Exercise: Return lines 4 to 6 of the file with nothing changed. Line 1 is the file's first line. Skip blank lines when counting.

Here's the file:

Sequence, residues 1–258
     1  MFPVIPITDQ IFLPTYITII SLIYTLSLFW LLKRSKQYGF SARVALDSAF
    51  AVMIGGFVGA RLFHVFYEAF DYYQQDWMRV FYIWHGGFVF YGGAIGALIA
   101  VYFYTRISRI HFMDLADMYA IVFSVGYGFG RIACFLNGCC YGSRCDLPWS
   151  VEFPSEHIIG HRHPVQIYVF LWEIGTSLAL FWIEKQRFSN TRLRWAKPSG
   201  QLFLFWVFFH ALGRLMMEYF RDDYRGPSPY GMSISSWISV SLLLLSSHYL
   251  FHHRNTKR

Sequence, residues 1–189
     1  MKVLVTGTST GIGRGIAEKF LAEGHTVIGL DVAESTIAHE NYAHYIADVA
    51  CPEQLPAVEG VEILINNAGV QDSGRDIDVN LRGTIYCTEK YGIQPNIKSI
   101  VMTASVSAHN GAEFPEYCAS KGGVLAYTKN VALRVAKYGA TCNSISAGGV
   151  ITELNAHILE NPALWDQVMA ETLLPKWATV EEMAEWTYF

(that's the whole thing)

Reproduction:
   101  VYFYTRISRI HFMDLADMYA IVFSVGYGFG RIACFLNGCC YGSRCDLPWS
   151  VEFPSEHIIG HRHPVQIYVF LWEIGTSLAL FWIEKQRFSN TRLRWAKPSG
   201  QLFLFWVFFH ALGRLMMEYF RDDYRGPSPY GMSISSWISV SLLLLSSHYL